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The News Of The World Scandal: Murdoch And News International In The Dock

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Chris Ford
Chris Ford
Rupert Murdoch

 At long last, Rupert Murdoch and his News International empire is feeling the heat over the News of the World phone hacking scandal.

I hope this spells the beginning of the end for Murdoch's near suffocating hold over much of the Western media. Over the last two decades or more, the most powerful media owner ever to emerge has built up a huge empire that includes numerous newspaper titles, television and radio stations around the world (including in New Zealand and his native Australia). Murdoch's company owns some of the best known publications in the world including the UK newspapers The Times and The Sun. One of his most famous television mouthpieces is the neoconservative Fox News channel in the US.

Through controlling a vast number of media outlets, Murdoch has been able to influence political debate and decisionmaking, particularly in the UK and increasingly in the US. British prime ministers such as Margaret Thatcher, John Major and Gordon Brown have been built up and then torn down at his mere whim. It was reported this week, for example, that former prime minister Tony Blair regularly phoned Murdoch and, in particular, he conversed with the Aussie media mogul just days before the Iraq War in 2003. The Murdoch empire backed the Iraq War to the hilt.

Now, the phone hacking scandal at the News of the World threatens to undo his dominance.To be honest, I do support good investigative journalism but I am appalled as a freelance journalist and blogger with the extremely unsavoury and unethical actions of some journalists at that paper years ago. Its then editor Andy Coulson and some journalists have been accused of illegally hacking into the phones of politicians, sports stars, members of the Windsor clan, entertainers, and (worst of all) the families of dead or wounded soldiers and even murder victims. These actions have led to individuals and families rightfully suing News International for tens of millions of dollars. The scandal has also triggered a full scale police investigation that could produce one of the highest profile criminal cases for years. It has had ramifications for David Cameron's Tory-Lib Dem Coalition as well given that Coulson was the PM's press secretary until the first hacking allegations surfaced at the beginning of this year.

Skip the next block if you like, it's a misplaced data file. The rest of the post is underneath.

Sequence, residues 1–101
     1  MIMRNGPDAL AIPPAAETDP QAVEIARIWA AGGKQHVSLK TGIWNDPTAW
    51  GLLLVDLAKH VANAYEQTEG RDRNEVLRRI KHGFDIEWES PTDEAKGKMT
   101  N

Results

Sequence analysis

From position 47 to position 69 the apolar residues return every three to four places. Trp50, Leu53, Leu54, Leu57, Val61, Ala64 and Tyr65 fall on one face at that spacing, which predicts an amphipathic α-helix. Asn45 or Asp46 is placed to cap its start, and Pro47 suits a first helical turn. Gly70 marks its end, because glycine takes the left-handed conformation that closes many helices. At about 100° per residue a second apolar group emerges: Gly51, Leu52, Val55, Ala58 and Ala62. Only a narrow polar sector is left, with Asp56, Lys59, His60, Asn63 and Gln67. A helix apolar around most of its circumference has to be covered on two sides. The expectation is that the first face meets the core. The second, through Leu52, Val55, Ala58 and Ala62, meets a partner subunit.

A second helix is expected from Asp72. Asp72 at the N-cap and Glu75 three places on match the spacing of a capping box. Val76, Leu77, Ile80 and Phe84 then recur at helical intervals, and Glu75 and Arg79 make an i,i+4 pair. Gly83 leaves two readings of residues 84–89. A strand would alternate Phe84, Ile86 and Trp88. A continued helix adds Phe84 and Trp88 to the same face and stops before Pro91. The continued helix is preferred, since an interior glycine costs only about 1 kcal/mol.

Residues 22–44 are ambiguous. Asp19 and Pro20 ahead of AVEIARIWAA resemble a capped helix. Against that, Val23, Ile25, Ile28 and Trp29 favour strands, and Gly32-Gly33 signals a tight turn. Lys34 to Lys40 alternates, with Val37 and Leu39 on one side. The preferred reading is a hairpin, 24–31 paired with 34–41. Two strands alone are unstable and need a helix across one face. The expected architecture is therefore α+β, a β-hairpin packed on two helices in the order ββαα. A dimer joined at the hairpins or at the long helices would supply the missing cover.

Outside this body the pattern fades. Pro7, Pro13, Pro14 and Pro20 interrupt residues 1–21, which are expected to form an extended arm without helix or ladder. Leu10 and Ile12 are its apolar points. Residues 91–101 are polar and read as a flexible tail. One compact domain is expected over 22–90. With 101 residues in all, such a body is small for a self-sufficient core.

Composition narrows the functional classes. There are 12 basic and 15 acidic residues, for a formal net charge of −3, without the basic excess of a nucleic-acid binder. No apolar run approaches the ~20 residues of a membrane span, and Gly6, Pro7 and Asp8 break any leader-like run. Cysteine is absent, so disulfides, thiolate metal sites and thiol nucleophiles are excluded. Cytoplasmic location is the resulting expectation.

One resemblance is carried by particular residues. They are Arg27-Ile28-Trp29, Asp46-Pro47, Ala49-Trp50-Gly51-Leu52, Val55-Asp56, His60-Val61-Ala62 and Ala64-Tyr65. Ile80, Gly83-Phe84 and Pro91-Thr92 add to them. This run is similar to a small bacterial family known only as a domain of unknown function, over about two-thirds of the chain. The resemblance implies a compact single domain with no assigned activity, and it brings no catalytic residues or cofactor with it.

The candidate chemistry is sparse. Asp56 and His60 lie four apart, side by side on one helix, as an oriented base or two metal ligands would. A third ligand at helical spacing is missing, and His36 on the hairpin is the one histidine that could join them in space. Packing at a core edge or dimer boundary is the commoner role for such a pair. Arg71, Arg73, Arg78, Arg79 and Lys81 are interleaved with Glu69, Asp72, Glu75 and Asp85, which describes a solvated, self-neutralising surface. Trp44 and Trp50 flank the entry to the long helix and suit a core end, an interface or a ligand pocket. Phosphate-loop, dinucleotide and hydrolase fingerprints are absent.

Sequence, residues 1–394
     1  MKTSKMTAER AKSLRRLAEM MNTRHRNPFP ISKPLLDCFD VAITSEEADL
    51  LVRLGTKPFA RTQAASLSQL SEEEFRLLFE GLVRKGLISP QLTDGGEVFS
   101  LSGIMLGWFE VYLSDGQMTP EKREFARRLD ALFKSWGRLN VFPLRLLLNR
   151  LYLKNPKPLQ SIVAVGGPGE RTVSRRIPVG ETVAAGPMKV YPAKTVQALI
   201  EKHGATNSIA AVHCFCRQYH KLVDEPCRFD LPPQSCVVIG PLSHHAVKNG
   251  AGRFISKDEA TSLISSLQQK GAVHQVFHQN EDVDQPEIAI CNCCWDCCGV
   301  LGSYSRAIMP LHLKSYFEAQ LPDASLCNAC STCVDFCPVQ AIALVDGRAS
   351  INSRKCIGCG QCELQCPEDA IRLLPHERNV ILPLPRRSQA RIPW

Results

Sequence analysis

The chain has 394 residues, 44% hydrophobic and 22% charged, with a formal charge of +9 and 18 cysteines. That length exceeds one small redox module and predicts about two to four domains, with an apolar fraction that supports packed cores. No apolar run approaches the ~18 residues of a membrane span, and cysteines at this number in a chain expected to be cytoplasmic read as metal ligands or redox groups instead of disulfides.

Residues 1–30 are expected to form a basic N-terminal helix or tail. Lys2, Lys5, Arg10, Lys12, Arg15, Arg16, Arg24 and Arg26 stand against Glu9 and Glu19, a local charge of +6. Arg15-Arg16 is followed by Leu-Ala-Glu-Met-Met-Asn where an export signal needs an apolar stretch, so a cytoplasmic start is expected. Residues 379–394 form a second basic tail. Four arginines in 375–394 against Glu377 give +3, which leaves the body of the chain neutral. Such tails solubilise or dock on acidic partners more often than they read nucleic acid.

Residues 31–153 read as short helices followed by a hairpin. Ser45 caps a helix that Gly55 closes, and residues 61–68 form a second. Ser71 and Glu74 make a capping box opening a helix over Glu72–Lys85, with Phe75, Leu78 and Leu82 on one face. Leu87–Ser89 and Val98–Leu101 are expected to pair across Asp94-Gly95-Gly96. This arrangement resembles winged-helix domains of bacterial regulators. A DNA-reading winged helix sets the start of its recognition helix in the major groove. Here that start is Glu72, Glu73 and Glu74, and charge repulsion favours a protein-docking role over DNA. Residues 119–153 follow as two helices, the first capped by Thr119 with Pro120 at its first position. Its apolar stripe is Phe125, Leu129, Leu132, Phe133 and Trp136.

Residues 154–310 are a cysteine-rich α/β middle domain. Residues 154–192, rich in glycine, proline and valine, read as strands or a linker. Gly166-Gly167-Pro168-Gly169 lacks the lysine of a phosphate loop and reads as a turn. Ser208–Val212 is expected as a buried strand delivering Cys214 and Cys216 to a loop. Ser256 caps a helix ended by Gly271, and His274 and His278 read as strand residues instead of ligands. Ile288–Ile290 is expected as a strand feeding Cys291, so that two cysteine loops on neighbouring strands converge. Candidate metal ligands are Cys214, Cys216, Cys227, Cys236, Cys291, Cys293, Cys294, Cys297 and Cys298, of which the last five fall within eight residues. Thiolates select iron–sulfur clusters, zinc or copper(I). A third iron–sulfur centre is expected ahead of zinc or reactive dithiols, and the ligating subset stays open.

Rupert Murdoch has reportedly jetted into London to deal with the crisis himself. This comes as his News International British chief executive Rebekah Brooks fights to keep her job and as Cameron (in a politically cynical move more than anything else) has called for Murdoch's son and heir apparent James to face police questioning. Already, Murdoch has shown himself to be brutal in his decision to close the News of the World as of this Sunday, making nearly 200 journalists and the current editor (all innocent of any involvement in the mid-2000s hacking scandal) redundant. Murdoch's move to close the newspaper (which is Britain's top selling Sunday publication) is nothing but a heavy handed response to try and cling on to power. 

The British Government (as should all governments including New Zealand's where Murdoch has investments) should look at imposing further restrictions on foreign media ownership, encourage the end of media monopolies by encouraging more private companies (including worker and community controlled media) into the market and promoting good media ethics whilst at the same time protecting the right to free speech and investigative journalism. 

If this scandal continues to run, then it is nothing but ironic that one of the great staples of the News International empire (promoting scandals) could well sink it. And if that happens, I wouldn't mind seeing the back of Murdoch and his family as that would improve (in some small way) the health of Western democracy.




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